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Book Review: The Official SAT Study Guide, 2016 Edition

Posted by Dora Seigel | Jun 17, 2016 6:00:00 PM




The College Board recently published a new version of the Official SAT Study Guide (3rd edition) to reflect the newly redesigned 2016 SAT. What’s the book like? Is it helpful? In this review, I’ll break down the strengths and weaknesses of the book, talk about how students feel about it, and tell you whether it’s worth buying.


Should You Buy the Official SAT Study Guide?

While the Blue Book (as it was called by students) used to be the must-have source for SAT prep, the Official SAT Study Guide, 2016 Edition is not worth purchasing. The book in its entirety — including its four practice tests — is available free online, so don't waste your money buying the book. 

Why did the College Board release this edition for free? It’s part of the College Board's attempts to make the SAT more accessible and to reduce SAT inequality based on socioeconomic background. This is a wonderful move by the College Board, but it now means buying the book is a complete waste of money.

If you have the time is it worth reading the Official SAT Study Guide, 2016 Edition, free online? Yes and no. The four practice tests from the book (which are all available online for free) are absolutely crucial to your SAT prep. However, these are only four of the eight available SAT practice tests created by the College Board which reflect the redesigned 2016 SAT. Plus, the book doesn’t provide you with details of how to score your practice test. You have to go online to do that, rendering the book really useless. If you can’t even score your tests using the book, why buy the book?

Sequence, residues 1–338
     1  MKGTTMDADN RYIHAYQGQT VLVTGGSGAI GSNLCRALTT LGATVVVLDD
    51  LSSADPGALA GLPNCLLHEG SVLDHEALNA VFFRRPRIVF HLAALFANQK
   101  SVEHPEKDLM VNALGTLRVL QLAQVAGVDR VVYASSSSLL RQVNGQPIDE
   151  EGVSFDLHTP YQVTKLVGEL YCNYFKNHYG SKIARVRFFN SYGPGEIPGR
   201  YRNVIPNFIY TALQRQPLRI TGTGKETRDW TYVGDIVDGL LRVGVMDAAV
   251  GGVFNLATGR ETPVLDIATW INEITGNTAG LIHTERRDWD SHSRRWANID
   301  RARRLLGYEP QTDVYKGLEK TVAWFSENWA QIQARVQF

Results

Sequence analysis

Also, the educational material other than the practice tests doesn’t give any helpful test insight nor strategy. The educational material just provides surface level details about the test. It doesn’t teach you the content needed for the SAT. There are far better, more in-depth SAT study guides out there including the free ones that we’ve written: Check out our Reading, Math, and Writing study guides. The educational material also mostly just tells you to go learn more on the Khan Academy SAT prep site, which is free for anyone to access whether or not you purchased the book.



The strengths of the books are very limited:

  • Four of the College Board practice tests are pre-printed for you, so you don't need to spend money printing them yourself.
  • You can recycle the book (AKA use it for kindling in your bonfire or use it for a paper mache project).



There many:

  • The entire book is available for free online.
  • The book doesn’t provide you with scoring information for your practice tests; you have to go online to get the information.
  • The book only provides surface level description of each section and doesn’t provide instructional material, so you can’t actually learn skills and content from the book. The book does not include any content lessons. For example, if you’re struggling with geometry questions, you won’t get any assistance from this book. You’d need to seek additional help.
  • Also, just taking SAT practice tests without a method of learning from your mistakes will not help you improve. The book gives no guidance on how to learn from your mistakes nor how to study content.


How Students Feel About the Official SAT Study Guide 2016

If you don’t believe me, check out how other people feel about it. On Amazon, the book is rated 3.5 stars out of 5 with about half of people giving it 5 stars (it is still full of official practice problems) but a large percent of people giving it 1 star.